What a crappy time and incredibly you’re still blogging away to all of us! I’m looking forward to the post when you look back at this time and say ‘wow, that was hard but I wouldn’t be in the great place I am now if I hadn’t been through that’.
At least now you’ll get even more out of Asia – those things that used to bug you about it might seem pretty small change now. And it really is enchanting – I’ve been to various places in Asia and to Bali many times over the years and the call to go back is still strong. There’s something about it that feeds the soul.
So enjoy the camp, and I hope your unexpected detour leads to a very rewarding new highway.
AmyPosted at 12:05h, 11 March
Hi Mel, I’m looking forward to writing that post too 🙂 Yes, and the things that used to bug me in Asia now seem a small price to pay for the kind of lifestyle we can have there – we’re excited to get back. Thanks for the support and I hope you also get to return to Asia someday soon.
Louisa KlimentosPosted at 12:59h, 18 March
Iam so sorry you to hear you were having a rough time in Spain,however,it is great that you have excperienced some beautful places in Spain and you will have some good memories of them .i hope the when you return to Asia you will enjoy it again over there.maybe Taiwan would be a great country to work in .good luck and best wishes with your future travels,love always ,Louisa
AmyPosted at 18:04h, 18 March
Thanks very much Louisa, we appreciate your support. We still have a good few months left to enjoy Spain before we head back to Asia, so we’ll make the most of it.
Victoria@ The British BerlinerPosted at 09:50h, 06 April
Thanks so much for sharing your thoughts with us Amy!
Don’t worry in the least that you sound ungrateful. You don’t at all. What you have done is to express the reality of living in another countryand the delights and situations that may occur. And you’re so right about prices in Madrid. They’re outrageous!
We’ve just got back from a fortnight in Spain & Portugal and even though I had been searching since November, I wasn’t able to get the hotels that I wanted, with the budget that I had allocated for a family of three and that would still have us in the centre of the city rather than in the suburbs! I was resigned to spending about €150 per night when another blogger who lives in Seville alerted me to a website that did hotel “alerts!” and I managed to find what I needed about two weeks before we left at €88.00 per night instead. Phew!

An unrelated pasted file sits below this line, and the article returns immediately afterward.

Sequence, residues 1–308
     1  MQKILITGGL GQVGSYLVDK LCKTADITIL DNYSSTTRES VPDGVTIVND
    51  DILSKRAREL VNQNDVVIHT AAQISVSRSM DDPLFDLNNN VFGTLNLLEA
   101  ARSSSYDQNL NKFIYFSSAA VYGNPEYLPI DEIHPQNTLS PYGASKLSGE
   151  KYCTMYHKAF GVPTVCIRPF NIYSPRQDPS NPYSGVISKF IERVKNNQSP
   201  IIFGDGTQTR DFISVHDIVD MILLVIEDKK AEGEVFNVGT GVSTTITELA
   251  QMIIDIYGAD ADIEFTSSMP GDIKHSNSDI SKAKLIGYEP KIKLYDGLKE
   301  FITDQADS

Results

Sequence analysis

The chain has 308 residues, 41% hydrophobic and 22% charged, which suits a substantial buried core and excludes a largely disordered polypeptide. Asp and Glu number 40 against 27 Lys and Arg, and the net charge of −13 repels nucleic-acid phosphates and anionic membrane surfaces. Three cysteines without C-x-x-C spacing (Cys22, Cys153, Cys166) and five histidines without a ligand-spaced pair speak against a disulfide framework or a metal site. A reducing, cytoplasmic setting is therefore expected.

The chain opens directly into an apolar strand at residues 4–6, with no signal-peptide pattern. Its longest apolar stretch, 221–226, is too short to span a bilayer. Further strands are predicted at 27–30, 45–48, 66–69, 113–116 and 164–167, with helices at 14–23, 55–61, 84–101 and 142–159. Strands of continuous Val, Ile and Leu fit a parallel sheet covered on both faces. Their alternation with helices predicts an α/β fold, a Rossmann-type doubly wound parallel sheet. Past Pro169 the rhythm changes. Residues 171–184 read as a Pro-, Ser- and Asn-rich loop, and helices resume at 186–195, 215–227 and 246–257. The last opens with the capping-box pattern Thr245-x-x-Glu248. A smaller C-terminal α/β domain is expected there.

Re-what’s going on with Brexit etc. I’m just hoping that local Brits say “yes” to staying in the EU as it would be a shame. I’m married to a German and have a half-British, half-German child. I’ve also been here forever so I shouldn’t have any problems…!
Having read your post, it looks as if Asia is the way forward. Go for it. Go live your dream and I look forward to reading all about it later on in the year! 🙂 🙂
AmyPosted at 10:24h, 06 April
Hi Victoria, thanks so much for your comment. It sounds like you had similar trouble with affordable accommodation in Spain, it’s definitely a lot more than I expected it to be. We recently looked into visiting Portugal and decided it was too expensive, our money can go a lot further in Eastern Europe instead. It feels like Asia is the right way forward 🙂
IzzyPosted at 12:37h, 20 April
I am so sorry to hear that things didn’t work out in Spain but on the bright side, there’s a saying that experience is when things don’t work out and now you have tons of that which will only make you a stronger person in the long run. Tim and I had a moment of expectations vs. reality here in Saigon. We have been very lucky with work and housing but its been hard adjusting to new situations that are so different compared to our lives in Korea. It has been a lot of ups and downs and uncertainties and we are still assessing if this was the right choice for us. But the main thing is that we have each other. I think going back to Asia is a great idea and I hope everything works for the best!!
AmyPosted at 21:18h, 22 April
Hi Izzy, that is so true, we definitely have grown stronger from this experience. It sounds like you’re going through an adjustment period too, I’m sure you will love Vietnam though once you settle in. You’re right, travelling as a couple helps so much 🙂